COLUMBUS, Ohio — On Monday, the Ohio Department of Natural Resources (ODNR) Director James Zehringer honored Bill Richards, a farmer from Circleville, with the 2013 ODNR Hall of Fame award, the department’s highest honor. Zehringer presented the award to Richards at the annual meeting for the Ohio Federation of Soil and Water Conservation Districts in Columbus. 

“Bill Richards has been a champion of using the most innovative science and technology that allows farmers to have productive farming practices that do not harm the environment,” said Zehringer. “As an agricultural and conservation pioneer, he continues to educate others about the importance of soil conservation and preserving resources through natural resource management efforts.”

Throughout his life, Richards has educated farmers around the nation and the world about the importance of managing their land in a productive way while still protecting the environment. For more than 40 years, this no-till farming pioneer and his family have utilized the no-till process on their Circleville farm to improve their crop yields while limiting soil and nutrient runoff.

Richards also served as the chief of the U.S. Department of Agriculture’s Soil Conservation Service from 1990 to 1993, and his foresight and dedication have helped change the attitudes of farmers across the country about the relationship between successful farming and responsible conservation practices.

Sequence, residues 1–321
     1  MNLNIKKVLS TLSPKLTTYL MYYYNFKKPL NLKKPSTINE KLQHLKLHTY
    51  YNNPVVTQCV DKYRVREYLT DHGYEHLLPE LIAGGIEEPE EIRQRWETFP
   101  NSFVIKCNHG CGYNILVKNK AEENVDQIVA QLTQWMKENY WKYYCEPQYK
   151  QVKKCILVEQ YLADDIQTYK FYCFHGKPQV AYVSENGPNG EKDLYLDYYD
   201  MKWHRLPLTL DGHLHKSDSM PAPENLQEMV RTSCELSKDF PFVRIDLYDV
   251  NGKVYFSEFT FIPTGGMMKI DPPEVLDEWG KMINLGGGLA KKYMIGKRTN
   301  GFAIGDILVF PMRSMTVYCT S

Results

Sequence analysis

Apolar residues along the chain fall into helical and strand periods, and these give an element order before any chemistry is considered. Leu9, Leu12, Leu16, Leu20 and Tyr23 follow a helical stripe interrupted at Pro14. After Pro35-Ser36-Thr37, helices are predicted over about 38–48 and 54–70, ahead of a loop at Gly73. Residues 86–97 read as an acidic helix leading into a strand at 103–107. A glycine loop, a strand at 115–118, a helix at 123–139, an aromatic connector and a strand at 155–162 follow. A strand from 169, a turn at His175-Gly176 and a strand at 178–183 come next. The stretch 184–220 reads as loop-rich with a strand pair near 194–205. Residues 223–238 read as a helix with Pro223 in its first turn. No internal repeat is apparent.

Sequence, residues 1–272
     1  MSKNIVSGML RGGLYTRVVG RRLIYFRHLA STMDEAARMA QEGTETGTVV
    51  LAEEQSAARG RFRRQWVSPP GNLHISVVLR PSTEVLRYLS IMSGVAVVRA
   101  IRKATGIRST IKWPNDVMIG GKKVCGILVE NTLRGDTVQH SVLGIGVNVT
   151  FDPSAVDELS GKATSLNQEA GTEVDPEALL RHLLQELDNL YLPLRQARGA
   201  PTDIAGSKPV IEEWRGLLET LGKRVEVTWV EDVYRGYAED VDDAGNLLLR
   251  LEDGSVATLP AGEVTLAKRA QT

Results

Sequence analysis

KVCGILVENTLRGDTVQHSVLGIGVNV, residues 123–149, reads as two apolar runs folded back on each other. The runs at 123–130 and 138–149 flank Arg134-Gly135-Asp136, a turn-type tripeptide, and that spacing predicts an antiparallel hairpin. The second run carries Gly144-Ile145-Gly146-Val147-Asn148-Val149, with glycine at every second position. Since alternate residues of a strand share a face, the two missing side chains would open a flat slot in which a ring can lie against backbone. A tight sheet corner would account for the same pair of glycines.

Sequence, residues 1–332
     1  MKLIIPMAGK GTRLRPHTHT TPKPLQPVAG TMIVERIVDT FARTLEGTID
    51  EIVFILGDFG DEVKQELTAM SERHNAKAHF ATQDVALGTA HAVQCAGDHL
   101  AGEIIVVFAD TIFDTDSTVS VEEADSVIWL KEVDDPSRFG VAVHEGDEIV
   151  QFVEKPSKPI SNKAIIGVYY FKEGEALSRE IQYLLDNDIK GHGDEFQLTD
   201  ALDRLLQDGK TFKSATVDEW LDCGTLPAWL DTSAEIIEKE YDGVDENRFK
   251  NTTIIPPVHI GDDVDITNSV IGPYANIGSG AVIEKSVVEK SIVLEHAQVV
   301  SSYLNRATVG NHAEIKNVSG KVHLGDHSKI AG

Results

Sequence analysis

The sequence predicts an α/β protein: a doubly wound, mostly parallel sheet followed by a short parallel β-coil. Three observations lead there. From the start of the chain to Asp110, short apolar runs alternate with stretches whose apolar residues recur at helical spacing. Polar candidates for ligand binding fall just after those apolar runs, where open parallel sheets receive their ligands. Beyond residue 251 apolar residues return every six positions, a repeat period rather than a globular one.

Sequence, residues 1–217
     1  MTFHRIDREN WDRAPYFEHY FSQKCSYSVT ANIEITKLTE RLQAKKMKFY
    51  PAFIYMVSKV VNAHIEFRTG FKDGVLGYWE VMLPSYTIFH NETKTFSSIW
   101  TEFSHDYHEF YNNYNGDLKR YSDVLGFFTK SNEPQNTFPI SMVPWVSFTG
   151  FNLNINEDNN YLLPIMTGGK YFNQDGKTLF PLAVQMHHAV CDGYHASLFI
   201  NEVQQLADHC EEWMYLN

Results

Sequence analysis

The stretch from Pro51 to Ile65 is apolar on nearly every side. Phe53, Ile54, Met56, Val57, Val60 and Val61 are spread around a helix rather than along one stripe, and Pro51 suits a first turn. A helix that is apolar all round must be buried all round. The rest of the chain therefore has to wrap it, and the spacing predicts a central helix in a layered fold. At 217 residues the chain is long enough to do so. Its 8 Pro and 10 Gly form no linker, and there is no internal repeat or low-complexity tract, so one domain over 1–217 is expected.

“It is the moral duty of the farmer today to use the very best technology available to enhance the farm’s productivity and to protect the environment,” said Richards. “It’s the right thing to do, and I am very humbled that my life’s work has been recognized with this award.”

Richards also received the Ohio Agricultural Hall of Fame award in 1994, and a few years ago he was awarded with the No-Till Farmer of the Year award.

Other notable recipients of the ODNR Hall of Fame award include Pulitzer Prize-winning author Louis Bromfield, the legendary Johnny Appleseed, Ohio-born explorer John Wesley Powell, botanist Lucy Braun and farming conservation advocate Bob Evans.

The ODNR Hall of Fame awards program was established in 1966, and it is a top honor for individuals who have made significant contributions to preserving and protecting the state’s water, soil, woodlands, wildlife and mineral resources.